Mankind's first natural stem cell transplant

Jose N. Tolosa, Dong Hyuk Park, David J. Eve, Stephen K. Klasko, Cesario V. Borlongan, Paul R. Sanberg

Research output: Contribution to journalArticlepeer-review

39 Citations (Scopus)


The timing of the umbilical cord clamping at birth is still controversial. In the modern era of medicine, the cord has been clamped early to facilitate resuscitation and stabilization of infants. However, recently delayed cord clamping has been supported by physicians because it allows for the physiological transfer of blood from the placenta to the infant. Many clinical studies have revealed that the delayed cord clamping elevates blood volume and haemoglobin and prevents anaemia in infants. Moreover, since it was known that umbilical cord blood contains various valuable stem cells such as haematopoietic stem cells, endothelial cell precursors, mesenchymal progenitors and multipotent/pluripotent lineage stem cells, the merit of delayed cord clamping has been magnified. In this review, we discuss the advantages and disadvantages of delayed cord clamping at birth. We highlight the importance of delayed cord clamping in realizing mankind's first stem cell transfer and propose that it should be encouraged in normal births.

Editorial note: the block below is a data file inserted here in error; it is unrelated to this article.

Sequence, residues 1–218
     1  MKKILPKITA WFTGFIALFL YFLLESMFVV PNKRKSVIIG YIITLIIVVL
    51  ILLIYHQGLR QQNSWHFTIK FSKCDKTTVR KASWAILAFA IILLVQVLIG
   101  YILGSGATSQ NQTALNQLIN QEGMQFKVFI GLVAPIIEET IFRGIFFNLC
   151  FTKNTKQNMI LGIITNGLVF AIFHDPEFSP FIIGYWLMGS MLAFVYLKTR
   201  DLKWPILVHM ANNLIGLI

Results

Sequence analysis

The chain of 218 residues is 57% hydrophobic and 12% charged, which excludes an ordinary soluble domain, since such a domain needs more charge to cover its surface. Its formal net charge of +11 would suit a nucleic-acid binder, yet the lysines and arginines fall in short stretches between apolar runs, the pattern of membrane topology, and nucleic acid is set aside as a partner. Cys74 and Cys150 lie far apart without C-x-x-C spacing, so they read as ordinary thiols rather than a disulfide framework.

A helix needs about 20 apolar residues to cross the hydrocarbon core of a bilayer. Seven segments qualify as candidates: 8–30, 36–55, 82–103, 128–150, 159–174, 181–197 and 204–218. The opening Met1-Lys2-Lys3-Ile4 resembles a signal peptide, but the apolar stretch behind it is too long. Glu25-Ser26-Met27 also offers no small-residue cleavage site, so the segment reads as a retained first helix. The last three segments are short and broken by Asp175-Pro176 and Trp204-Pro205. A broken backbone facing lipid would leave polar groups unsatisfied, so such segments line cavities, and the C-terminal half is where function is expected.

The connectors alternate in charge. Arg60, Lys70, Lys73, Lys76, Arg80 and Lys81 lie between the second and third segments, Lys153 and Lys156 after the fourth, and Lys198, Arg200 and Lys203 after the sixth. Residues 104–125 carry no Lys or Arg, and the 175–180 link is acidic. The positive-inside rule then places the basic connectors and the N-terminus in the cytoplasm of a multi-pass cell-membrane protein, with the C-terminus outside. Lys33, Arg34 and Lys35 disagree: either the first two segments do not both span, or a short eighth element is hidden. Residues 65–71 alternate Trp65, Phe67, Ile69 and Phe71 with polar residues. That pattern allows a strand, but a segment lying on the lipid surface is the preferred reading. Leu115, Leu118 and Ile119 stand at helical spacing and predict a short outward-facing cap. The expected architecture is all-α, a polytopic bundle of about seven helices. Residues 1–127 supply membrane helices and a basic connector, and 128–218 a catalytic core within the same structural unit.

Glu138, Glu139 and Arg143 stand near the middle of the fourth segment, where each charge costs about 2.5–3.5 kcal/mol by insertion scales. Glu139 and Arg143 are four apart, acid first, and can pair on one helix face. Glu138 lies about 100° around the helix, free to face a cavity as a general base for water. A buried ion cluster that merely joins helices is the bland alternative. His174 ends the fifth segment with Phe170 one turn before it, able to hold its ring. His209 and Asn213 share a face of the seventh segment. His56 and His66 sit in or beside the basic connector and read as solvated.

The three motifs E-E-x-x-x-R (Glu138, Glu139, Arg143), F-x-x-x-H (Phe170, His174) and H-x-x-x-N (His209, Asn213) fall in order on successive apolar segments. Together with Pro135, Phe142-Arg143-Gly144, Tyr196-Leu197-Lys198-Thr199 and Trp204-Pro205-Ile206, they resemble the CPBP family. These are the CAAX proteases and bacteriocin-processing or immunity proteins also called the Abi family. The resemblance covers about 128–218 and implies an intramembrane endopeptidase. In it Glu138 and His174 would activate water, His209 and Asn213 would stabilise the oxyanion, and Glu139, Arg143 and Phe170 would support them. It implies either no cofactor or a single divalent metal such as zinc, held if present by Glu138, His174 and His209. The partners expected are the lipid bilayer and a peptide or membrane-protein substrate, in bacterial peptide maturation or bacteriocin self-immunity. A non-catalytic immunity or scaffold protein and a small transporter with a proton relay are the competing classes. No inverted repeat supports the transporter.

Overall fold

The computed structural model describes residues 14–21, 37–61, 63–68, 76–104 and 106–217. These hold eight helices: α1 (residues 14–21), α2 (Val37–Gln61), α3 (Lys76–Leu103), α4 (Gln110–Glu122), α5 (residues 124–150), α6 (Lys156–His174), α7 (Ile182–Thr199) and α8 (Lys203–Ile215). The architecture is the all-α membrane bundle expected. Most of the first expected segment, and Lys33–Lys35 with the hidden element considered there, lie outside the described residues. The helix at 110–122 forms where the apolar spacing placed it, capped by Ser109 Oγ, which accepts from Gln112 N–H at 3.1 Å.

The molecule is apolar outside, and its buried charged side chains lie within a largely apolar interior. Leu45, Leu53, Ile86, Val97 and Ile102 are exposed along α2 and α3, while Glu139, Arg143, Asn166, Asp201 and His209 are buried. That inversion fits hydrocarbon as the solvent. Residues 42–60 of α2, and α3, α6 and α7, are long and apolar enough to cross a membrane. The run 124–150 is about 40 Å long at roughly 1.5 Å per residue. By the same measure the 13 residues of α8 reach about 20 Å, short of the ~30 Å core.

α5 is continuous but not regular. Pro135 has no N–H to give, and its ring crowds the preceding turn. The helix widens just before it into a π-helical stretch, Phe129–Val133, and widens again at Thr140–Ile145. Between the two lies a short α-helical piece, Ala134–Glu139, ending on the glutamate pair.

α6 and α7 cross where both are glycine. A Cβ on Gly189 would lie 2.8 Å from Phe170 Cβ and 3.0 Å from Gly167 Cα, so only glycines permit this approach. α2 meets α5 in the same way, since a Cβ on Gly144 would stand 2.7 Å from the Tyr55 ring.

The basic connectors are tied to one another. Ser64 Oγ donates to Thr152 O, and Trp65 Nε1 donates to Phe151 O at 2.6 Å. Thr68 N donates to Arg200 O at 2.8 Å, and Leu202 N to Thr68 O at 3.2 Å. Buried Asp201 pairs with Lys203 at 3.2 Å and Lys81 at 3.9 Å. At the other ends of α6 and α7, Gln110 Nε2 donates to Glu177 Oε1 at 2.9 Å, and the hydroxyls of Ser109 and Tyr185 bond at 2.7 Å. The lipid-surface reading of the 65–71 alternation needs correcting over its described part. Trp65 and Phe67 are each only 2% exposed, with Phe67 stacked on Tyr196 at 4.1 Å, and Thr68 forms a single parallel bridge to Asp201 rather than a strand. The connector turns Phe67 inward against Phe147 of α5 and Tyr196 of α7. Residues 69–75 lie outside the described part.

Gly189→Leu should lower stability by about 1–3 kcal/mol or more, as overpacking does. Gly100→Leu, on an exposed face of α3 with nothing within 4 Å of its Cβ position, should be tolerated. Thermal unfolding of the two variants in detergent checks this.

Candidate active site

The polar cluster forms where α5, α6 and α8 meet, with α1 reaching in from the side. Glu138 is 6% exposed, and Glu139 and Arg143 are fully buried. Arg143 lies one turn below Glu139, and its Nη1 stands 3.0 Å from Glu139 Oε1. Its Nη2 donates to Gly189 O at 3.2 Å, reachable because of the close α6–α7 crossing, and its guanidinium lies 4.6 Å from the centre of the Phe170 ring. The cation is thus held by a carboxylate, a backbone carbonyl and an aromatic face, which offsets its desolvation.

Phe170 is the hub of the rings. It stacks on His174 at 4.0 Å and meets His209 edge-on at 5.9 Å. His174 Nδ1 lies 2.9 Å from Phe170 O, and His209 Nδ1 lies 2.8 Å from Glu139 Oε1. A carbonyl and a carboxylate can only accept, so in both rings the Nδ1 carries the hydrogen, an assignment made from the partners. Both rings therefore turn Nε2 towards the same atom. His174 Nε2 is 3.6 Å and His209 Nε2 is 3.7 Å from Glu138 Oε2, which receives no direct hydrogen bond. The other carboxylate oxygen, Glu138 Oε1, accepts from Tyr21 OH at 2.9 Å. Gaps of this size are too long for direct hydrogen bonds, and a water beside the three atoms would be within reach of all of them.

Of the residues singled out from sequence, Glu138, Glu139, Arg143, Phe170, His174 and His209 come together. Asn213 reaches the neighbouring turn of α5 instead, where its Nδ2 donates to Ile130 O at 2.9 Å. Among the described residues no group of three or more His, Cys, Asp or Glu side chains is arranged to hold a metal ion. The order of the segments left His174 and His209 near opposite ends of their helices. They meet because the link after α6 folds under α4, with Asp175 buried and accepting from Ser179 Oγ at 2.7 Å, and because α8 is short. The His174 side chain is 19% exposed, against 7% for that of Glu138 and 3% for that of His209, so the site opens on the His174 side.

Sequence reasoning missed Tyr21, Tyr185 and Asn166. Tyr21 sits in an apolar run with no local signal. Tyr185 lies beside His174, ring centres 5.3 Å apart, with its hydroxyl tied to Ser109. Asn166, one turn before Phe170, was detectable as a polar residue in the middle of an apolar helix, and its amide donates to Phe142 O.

Original languageEnglish
Pages (from-to)488-495
Number of pages8
JournalJournal of Cellular and Molecular Medicine
Issue number3
Publication statusPublished - 2010 Mar
Externally publishedYes


  • Anaemia
  • Birth
  • Delayed cord clamping
  • Preterm
  • Stem cells
  • Umbilical cord blood

ASJC Scopus subject areas

  • Molecular Medicine
  • Cell Biology


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